“Effect of Green Tea Extract on Lipid Peroxidation and Antioxidant Activity on Mercuric Chloride Induced Toxicity in Rats” by M. Saravana Kumari, R. Anuradha, India.

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M. Saravana Kumari, R. Anuradha*

PG & Research Dept of Biochemistry, Sengamala Thayaar Educational Trust Women’s College, Mannargudi, Thiruvarur Dt., Tamil Nadu, India.

*Corresponding author’s E-mail:mathianuradha@gmail.com

Accepted on: 08-11-2015; Finalized on: 31-12-2015. ABSTRACT

Lipidperoxidative and antioxidative efficacy of Camellia sinensis was investigated against mercuric chloride induced toxicity in Wistar rats. Toxicity was induced in Wistar rats by daily intraperitoneal injections of a freshly prepared solution of mercuric chloride at a dose of 1.25mg/kg body weight for 45 days. Levels of lipid peroxidation were assessed by estimating TBARS and lipid hydroperoxide and the antioxidant levels were assessed by estimating the levels of GSH, SOD, CAT and GPx. Significant increase was observed in the levels of TBARS, hydroperoxide in HgCl2 treated rats. These levels were significantly decreased in HgCl2 and Green Tea Extract

treated rats. The biochemical alteration during GTE treated in HgCl2 treated rats may be due to presence of natural antioxidants and

free radical scavenging activity, antioxidant property and health protecting potential. From the results it can be concluded that pretreatment of Green Tea Extract appears to exhibit protective effect in Hgcl2 treated rats by reducing oxidant and antioxidant

imbalance.

Keywords: Oxidative stress, Camellia sinensis, mercuric chloride.

INTRODUCTION

ercury a highly toxic metal, which induces oxidative stress in the body and results in a variety of adverse health effects including renal, neurological, respiratory, immune, dermatologic, reproductive and developmental sequels1. It is well

known that inorganic mercury causes severe kidney damage after acute and chronic exposure2. Chronic

exposure to inorganic mercury salts primarily affects the renal cortex3 and may manifest as renal failure (dysuria,

proteinuria, hematuria, oliguria and uremia) or gastrointestinal problems (colitis, gingivitis, stomatitis and excessive salivation). Irritability and occasionally acrodynia can occur4.

Inorganic mercury has a non-uniform distribution after absorption being accumulated mainly in the kidneys causing acute renal failure5. Once absorbed into the

bloodstream, inorganic mercury combines with proteins in the plasma or enters the red blood cells. It does not readily pass into the brain or fetus but may enter into other body organs. It accumulates in the kidneys and may cause severe damage. Poisoning can result from inhalation, ingestion or absorption through the skin5.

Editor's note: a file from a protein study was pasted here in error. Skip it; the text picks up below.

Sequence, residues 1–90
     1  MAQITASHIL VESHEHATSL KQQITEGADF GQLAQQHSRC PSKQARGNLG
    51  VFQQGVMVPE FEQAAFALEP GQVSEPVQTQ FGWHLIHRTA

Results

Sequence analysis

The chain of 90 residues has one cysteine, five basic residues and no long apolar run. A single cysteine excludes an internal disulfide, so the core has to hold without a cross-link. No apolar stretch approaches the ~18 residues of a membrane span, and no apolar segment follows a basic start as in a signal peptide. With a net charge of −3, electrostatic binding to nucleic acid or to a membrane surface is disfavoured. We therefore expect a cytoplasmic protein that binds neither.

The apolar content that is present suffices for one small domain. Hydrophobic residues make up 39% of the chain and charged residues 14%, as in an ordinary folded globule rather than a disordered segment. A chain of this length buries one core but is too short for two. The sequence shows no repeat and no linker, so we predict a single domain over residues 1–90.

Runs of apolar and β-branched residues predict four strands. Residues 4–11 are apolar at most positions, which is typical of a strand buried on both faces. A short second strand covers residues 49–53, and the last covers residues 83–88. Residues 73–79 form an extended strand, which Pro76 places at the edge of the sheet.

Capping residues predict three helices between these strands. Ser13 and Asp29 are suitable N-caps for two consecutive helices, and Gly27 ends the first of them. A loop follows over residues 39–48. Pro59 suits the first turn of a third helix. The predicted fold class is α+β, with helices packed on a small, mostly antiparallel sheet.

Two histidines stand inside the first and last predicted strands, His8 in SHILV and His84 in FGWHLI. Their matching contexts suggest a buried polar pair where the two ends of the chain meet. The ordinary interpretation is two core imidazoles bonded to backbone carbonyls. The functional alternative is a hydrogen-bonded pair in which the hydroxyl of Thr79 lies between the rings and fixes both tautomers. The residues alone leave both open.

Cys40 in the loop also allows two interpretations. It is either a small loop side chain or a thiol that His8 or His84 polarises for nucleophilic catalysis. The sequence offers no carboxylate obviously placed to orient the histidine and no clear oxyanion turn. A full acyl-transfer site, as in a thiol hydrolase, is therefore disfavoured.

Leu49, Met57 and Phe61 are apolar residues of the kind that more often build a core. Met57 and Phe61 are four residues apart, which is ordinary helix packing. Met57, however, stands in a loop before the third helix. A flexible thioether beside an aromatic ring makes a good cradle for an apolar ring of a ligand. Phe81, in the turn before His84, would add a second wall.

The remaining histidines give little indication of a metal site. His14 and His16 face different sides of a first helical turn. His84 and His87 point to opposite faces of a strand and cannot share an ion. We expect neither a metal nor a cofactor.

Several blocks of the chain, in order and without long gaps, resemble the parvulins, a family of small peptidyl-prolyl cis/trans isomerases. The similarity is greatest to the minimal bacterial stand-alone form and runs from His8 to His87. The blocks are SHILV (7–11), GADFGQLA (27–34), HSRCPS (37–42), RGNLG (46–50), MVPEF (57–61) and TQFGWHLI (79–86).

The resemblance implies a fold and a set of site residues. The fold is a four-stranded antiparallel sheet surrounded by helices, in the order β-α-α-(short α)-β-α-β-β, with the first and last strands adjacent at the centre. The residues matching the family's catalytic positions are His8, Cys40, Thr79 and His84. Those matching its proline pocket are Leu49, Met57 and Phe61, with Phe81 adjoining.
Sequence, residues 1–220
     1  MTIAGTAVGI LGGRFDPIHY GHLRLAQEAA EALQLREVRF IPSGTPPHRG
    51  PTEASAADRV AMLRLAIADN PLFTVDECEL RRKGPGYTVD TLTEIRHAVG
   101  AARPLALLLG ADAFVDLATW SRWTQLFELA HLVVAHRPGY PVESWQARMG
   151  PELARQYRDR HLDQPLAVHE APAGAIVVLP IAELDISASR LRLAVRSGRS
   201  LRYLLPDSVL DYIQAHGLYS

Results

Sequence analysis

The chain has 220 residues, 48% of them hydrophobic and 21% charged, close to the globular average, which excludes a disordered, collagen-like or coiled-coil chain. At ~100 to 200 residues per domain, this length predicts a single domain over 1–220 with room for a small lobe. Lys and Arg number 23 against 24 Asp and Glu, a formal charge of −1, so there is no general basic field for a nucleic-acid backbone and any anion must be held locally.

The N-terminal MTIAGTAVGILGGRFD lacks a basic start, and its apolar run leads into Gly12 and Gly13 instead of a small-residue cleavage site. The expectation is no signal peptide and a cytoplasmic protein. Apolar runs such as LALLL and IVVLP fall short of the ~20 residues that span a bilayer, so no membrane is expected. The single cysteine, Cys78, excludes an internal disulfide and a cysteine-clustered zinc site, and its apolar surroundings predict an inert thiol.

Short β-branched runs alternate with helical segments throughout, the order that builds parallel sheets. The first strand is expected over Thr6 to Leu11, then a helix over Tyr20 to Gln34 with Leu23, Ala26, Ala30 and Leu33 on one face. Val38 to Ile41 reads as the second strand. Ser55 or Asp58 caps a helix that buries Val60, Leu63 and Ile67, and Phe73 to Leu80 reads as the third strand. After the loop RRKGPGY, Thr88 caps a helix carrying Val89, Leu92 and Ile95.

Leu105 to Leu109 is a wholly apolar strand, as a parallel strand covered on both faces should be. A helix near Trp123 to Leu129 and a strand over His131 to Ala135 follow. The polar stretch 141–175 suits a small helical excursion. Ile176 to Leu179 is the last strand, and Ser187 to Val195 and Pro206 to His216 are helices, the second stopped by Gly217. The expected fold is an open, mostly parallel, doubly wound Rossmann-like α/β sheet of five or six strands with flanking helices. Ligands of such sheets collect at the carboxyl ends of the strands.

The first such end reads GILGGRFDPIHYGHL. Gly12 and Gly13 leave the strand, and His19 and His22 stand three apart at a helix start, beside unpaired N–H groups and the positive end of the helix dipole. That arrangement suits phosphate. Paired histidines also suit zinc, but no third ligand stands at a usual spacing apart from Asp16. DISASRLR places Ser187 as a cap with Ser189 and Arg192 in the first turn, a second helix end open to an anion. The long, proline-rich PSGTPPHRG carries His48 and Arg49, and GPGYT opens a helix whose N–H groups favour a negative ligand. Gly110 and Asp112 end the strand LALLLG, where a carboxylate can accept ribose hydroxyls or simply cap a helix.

Mercury can cause biochemical damage to tissues and genes through diverse mechanisms, such as interrupting intracellular calcium homeostasis, disrupting membrane potential, altering protein synthesis and interrupting excitatory amino acid pathways in the central nervous system6.

Mitochondrial damage from oxidative stress may be the earliest sign of neurotoxicity with methyl mercury. A study in neural tissue indicates the electron transport chain appears to be the site where free radicals are

generated, leading to oxidative damage induced by methylmercury6.

Mercuric chloride toxicity and lipid peroxidation

Mercury also promotes the formation of reactive oxygen species by Fenton transition equation, such as hydrogen peroxides and enhances the subsequent iron and copper-induced production of lipid peroxides and the highly reactive hydroxyl radical7-10. Lipid peroxides alter

membrane structure and are highly disruptive of mitochondrial structure. Mercury also inhibits the activities of the free radical quenching enzymes catalase, superoxide dismutase and perhaps the GSH peroxidase11.

From the present investigation it can be suggested that HgCl2 treatment significantly reduces the GSH content

and the antioxidant potential and thus accelerates the lipid peroxidation resulting in cellular toxicity.

Mercury bound to SH groups may result in decreased glutathione levels, leading to an increase of reactive oxygen species, like superoxide anion radical, hydrogen peroxide and hydroxyl radical12, which induce lipid,

protein and DNA oxidation13. Besides, it has been shown

that in vitro Hg2+ both hinders the antioxidant potential

of glutathione and yields reactive species via thiol complexation14. Accordingly, mercury exposure has been

demonstrated to induce lipid peroxidation detected by increased thiobarbituric acid-reactive substances (TBARS) in kidney and other tissues15. Thus, it is believed that

antioxidants should be one of the important components of effective treatment for mercury poisoning.

Scavenging systems to limit free radical damage

The possible mechanisms by which antioxidants may protect against ROS toxicity are

Effect of Green Tea Extract on Lipid Peroxidation and Antioxidant Activity on Mercuric Chloride

Induced Toxicity in Rats

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1. Chelating the transition metal catalysts.

2. Chain-breaking reactions.

3. Reducing the concentration of reactive radicals.

4. Scavenging initiating radical.

Antioxidants are of two types, preventive antioxidants and chain breaking antioxidants16. Preventive

antioxidants act by reducing peroxides to molecular products without the production of radicals (e.g., GPx, catalase), removing (or) decreasing oxygen, removing key reactive catalytic metal ions, scavenging initiating free radicals such as hydroxyl, alkoxyl, peroxyl species, breaking the chain of initiated sequence (or) by quenching singlet oxygen. Antioxidants that can trap radicals directly, thereby shortening the chain length are classified as chain breaking antioxidants. This class includes vitamin E (peroxy radical trap), SOD (superoxide trap).

Herbal Medicines

Herbal medicines derived from plant extracts are being increasingly utilized to treat a wide variety of clinical disease17. More attention has been paid to the protective

effects of natural antioxidants against drug-induced toxicities especially whenever free radical generation is involved18. Flavonoids have been found to play important

roles in the non-enzymatic protection against oxidative stress19,20, especially in case of cancer. Flavonoids are a